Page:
While AILET has always been considered to be a relatively tougher law entrance test, the initial feedback received from students and coaching experts suggests that AILET 2017 conducted on May 7 was among the tougher exam papers hosted by NLU Delhi thus far. Careers360 presents to you a comprehensive exam analysis of AILET 2017, with students describing how they fared in their paper and leading coaching experts sharing their insights.
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The All India Law Entrance Test (AILET) conducted by National Law University (NLU) Delhi has made a name for itself over recent years for being one of the most popular law entrance exams held in India. With over 18,000 applications being received for AILET 2017, the increasing demand for the 83 BA LLB and 50 LLM programme seats at NLU Delhi was reflected this year as well. Held in offline mode on May 7, AILET 2017 exam pattern remained unchanged with the question paper comprising 150 Objective MCQs (Multiple Choice Questions). The total duration of the paper was 90 minutes.
The AILET 2017 paper pattern was on the following lines
Number of questions
Candidates would be awarded one mark for each correct answer and there would be no negative marking. Zero marks would be awarded for questions left unanswered.
As mentioned, a majority of test-takers found the test to be tougher than in preceding years. Because of the difficulty level of the questions, many students also shared that the time limit of 90 minutes was insufficient for them to complete the paper in a satisfactory way. “AILET 2017 was definitely tougher and lengthier than expected,” shared Vishnu, who was appearing for the paper for the second time.
Section-wise, most students shared that General Knowledge was the toughest in terms of the type of questions asked, while Legal Aptitude and Logical Reasoning were the most time consuming. “English and Mathematics were not so difficult, but I struggled with General Knowledge, and to a lesser extent with Logical Reasoning and the Legal Aptitude,” said Diksha.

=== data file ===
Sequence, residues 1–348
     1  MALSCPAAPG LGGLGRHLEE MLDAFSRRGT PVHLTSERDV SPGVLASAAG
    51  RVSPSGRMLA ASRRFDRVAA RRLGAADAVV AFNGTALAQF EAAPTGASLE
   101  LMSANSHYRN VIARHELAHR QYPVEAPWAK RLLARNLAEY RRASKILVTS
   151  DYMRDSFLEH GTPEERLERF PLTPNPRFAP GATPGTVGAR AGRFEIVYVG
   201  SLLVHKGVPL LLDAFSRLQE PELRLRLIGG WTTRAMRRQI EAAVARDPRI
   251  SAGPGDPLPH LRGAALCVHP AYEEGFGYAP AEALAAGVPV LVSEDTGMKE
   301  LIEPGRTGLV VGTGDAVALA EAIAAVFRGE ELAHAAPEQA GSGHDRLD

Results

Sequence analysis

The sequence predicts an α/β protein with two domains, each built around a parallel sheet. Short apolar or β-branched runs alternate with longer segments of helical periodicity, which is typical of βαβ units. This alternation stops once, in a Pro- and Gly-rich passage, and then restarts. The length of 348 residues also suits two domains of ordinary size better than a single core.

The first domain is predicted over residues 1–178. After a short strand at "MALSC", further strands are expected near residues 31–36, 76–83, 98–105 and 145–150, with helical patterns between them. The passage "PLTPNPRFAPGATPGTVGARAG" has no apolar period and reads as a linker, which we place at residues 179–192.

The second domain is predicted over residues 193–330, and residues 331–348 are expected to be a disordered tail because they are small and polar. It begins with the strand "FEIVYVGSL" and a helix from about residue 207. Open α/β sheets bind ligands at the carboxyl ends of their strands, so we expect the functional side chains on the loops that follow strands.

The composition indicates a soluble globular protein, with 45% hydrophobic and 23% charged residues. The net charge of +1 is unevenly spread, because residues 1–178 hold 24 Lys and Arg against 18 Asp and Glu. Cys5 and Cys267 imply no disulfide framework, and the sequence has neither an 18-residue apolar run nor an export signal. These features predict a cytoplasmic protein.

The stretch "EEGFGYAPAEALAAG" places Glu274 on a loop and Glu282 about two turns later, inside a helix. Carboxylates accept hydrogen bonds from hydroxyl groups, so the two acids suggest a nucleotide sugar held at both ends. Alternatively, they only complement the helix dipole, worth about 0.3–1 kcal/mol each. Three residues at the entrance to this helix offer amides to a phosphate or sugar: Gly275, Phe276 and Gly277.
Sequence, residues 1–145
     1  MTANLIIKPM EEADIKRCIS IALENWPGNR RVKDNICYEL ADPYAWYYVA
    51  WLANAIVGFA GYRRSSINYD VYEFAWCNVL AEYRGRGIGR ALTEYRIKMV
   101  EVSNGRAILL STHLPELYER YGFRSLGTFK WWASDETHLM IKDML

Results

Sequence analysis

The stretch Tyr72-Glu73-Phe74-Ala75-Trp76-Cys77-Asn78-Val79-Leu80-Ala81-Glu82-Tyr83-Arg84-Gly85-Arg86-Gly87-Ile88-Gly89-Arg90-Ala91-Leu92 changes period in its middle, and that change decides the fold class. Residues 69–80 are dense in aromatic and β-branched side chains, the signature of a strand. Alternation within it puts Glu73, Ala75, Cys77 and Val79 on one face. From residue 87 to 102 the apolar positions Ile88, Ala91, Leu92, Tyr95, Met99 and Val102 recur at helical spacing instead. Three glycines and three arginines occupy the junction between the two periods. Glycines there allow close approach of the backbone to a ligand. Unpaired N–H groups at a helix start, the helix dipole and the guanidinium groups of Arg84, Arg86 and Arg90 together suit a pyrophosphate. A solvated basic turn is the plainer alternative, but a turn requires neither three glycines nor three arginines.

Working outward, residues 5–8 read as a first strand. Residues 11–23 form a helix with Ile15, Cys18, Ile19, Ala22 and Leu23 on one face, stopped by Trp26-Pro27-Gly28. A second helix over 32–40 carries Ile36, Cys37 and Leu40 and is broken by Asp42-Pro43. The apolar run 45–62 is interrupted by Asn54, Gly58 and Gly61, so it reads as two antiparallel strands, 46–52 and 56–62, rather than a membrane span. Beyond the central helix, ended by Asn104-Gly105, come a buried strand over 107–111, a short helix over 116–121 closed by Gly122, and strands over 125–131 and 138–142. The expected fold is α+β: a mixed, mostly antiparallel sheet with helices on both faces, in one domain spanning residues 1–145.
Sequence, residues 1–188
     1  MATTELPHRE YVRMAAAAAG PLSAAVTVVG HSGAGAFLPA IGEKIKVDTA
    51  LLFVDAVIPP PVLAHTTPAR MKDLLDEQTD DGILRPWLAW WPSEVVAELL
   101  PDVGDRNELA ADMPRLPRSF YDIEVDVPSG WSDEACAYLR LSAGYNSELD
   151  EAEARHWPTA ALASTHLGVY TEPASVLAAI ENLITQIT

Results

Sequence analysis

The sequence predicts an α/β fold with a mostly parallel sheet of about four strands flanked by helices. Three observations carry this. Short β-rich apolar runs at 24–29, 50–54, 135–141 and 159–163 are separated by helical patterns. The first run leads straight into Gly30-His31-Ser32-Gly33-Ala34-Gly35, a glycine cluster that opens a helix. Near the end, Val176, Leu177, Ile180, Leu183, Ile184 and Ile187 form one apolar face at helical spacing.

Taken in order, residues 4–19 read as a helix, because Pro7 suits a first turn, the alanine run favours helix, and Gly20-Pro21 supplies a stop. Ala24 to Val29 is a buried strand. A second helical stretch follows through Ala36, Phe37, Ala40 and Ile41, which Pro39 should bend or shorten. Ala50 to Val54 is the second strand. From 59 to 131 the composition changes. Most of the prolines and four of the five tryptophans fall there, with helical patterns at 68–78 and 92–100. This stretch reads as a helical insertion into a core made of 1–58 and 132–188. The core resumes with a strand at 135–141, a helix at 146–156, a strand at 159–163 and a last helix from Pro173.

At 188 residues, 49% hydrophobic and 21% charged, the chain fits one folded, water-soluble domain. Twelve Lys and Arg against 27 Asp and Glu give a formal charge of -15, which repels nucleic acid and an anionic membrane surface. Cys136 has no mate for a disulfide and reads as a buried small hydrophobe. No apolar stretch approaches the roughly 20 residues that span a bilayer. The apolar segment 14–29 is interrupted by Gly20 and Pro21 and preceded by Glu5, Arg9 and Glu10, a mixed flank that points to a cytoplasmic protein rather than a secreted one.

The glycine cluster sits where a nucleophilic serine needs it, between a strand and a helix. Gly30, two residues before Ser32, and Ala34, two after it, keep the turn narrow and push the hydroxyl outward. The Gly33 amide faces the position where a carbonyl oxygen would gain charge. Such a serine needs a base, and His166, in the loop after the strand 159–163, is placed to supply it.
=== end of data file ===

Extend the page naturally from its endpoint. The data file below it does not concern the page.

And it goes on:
For Shantanu, the Legal Aptitude questions were toughest but he was among the minority who found the GK section to be balanced with an equal proportion of static and current affairs questions. In lieu of GK, many students looked to other sections to compensate. “GK was indeed tough but thankfully the Logical Reasoning and Basic Mathematics sections came to the rescue,” said a relieved Prerna. “Overall, the paper was tough and lengthy and for me English also consumed a lot of time,” shared Aniket.
Insights from coaching institutes
“The paper was definitely more difficult than usual, probably one of the most difficult AILET exams ever,” said Harsh Gagrani, Director of LegalEdge Tutorials. According to him, AILET 2017 held plenty of surprises for students across different sections. “For the first time ever, there was no English Reading Comprehension passage as it had been completely replaced by CLOZED test. But the remaining English section questions remained the same, covering antonyms, synonyms and phrases. Also, legal aptitude was very surprising because of the lengthy fact-based questions asked”, he shared. In his opinion, students who kept their calm when faced with difficult questions, had good reading speed and had brushed up on their legal knowledge would have the best chances of clearing the exam.
According to Rajneesh Singh, Mentor at The Do-Zen, the cutoff this year might come down significantly, perhaps even reaching 90 as compared to 105 for AILET 2016. “Many considered it a tough paper but I feel it was a good paper for those who are good students. If the paper quality is good, then it helps weed out the undeserving students. CLAT should also take a lesson from this,” he said. Mr. Singh agreed with most students’ assessments regarding the difficulty of the GK section. “There were atleast 10 questions in the GK section which were almost impossible to answer unless a student had specifically prepared from these topics. However I don’t feel this is an injustice as the students who prepared well and kept their calm would waste no time on it,” he concluded.
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